Bishop Guertin student to be honored in D.C.
NASHUA – Meera Kurup has developed an app where loved ones can read poetry to Alzheimer’s patients; she founded CodeIT Girls, a successful program to help young girls get involved in technology; she can build robots and is the New Hampshire Technology Student Association treasurer and chapter president. And she’s only 16 years old.
With all this under her belt, it may be no surprise that Kurup, a junior at Bishop Guertin High School was one of only two students in New Hampshire to be selected to participate in the U.S. Senate Youth Program.
Kurup, along with Cameron Magner from Plaistow, will join Sen. Jeanne Shaheen and Sen. Margaret Hassan in Washington, D.C., for a week in March.
In this competitive merit-based program, Kurup was “selected from among the state’s top student leaders to be part of the 104 national student delegation who also will each receive a $10,000 college scholarship for undergraduate study,” according to a press release from USSYP.
“The overall mission of the program is to help instill within each class of USSYP student delegates more profound knowledge of the American political process and a lifelong commitment to public service,” the press release said.
Kurup also won the 14-week-long Congressional App Challenge for her app, ALZPoetry, for which she will go to Washington again in April.
ALZPoetry, Kurup said, stemmed from working with Alzheimer’s patients at the senior center.
“When we shared poetry, a lot of times, memories came back. It gave them a lot of happiness,” she said, adding that sometimes the patients would recite the poems with her.
Her work volunteering and staying active in extra curriculars keeps her busy, but she said she is “thankful” for the patients she has met at the senior center.
“They are so kind to me,” she said. “Volunteering has really impacted me.”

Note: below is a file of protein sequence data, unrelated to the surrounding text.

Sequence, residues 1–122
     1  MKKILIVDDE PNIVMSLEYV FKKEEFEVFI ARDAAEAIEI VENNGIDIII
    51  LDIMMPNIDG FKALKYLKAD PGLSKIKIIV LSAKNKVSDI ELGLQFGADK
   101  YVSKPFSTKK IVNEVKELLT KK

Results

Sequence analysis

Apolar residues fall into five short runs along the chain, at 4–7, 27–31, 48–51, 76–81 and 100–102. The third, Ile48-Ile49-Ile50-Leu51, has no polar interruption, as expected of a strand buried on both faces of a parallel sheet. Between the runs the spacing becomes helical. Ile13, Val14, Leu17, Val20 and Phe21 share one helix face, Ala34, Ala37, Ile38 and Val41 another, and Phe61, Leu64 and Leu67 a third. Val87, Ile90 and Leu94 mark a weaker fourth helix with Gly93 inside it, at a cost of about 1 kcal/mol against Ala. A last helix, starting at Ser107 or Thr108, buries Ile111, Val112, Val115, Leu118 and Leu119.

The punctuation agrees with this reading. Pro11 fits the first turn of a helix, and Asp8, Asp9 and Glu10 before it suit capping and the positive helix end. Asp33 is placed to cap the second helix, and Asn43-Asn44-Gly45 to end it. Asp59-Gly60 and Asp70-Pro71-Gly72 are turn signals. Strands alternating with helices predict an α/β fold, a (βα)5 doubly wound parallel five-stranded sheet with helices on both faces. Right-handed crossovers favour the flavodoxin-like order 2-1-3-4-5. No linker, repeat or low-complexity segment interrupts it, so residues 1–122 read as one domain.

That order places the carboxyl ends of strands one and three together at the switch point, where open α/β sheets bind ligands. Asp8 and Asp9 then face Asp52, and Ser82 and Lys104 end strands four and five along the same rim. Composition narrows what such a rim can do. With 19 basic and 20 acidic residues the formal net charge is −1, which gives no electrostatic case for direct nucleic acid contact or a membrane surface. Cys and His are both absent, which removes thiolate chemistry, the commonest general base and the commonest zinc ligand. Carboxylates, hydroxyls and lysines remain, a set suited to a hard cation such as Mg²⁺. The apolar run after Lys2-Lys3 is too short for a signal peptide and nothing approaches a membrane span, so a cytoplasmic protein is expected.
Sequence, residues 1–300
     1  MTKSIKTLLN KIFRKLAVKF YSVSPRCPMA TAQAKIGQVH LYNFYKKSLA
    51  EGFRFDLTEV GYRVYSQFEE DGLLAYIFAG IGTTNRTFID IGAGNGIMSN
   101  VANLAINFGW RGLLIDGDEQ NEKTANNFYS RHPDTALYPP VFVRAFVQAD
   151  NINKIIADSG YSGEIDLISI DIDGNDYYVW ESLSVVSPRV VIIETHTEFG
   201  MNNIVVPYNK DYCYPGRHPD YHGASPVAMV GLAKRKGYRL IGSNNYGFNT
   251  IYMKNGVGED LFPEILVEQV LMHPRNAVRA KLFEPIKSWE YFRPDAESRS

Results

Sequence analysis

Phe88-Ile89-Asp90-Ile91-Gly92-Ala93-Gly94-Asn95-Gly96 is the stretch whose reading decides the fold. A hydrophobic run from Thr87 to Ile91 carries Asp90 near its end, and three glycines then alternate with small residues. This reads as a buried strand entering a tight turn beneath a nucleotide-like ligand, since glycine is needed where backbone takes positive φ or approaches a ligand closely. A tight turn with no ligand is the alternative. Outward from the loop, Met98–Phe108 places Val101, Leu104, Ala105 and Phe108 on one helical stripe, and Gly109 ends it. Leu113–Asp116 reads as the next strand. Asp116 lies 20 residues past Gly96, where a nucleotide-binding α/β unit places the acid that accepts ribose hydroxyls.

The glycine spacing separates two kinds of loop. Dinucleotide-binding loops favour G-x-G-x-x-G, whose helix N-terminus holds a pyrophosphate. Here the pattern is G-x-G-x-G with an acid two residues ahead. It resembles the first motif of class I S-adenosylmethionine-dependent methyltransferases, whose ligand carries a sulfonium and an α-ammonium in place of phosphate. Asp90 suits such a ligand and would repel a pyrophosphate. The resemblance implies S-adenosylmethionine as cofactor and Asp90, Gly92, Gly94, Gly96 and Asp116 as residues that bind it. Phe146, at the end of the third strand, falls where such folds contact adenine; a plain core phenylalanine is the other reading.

She had been working on the app for a while, and when the competition came around, she said she thought it would be a good way to get some outside response.
She called the app a “work in progress.”
So far, users can record themselves reading a series of pre-set poems for the patients to listen to. Soon, she would like to incorporate a visual component where the patients can see the reader, and she would also like to add the ability for people to enter their own poems.
Kurup herself is an avid reader of poetry, calling it one of her passions. She’s a big fan of Robert Frost, she said, because of the descriptive imagery and how much it reminds her of New Hampshire.
While she has been reading poetry since she was a little girl, it wasn’t until middle school at the Academy of Science and Design that she really discovered a love of technology.
After developing an interest in computing, she began to teach herself how to code. Now, she takes AP computer science and hopes to study technology and business when she gets to college.
“It’s extremely important for girls to get involved (in science and technology), because they aren’t as well represented and a lot of girls are scared to try it,” she said.
This gender gap is part of what encouraged her to start CodeIT girls after she won a regional competition though the National Center for Women and Information Technology.
CodeIT Girls meets every Tuesday at Reeds Ferry School, and there, Kurup teaches around 10 young girls how to code in a way that’s fun and understandable.
Next season, she would like to try to expand the program to other elementary schools.
For now though, Kurup, who just finished exams, is looking forward to her trip to the U.S. capital, particularly the opportunity to meet a Supreme Court Justice.
“The entire experience is going to be amazing,” she said.
Hannah LaClaire can be reached at 594-1243 or email@example.com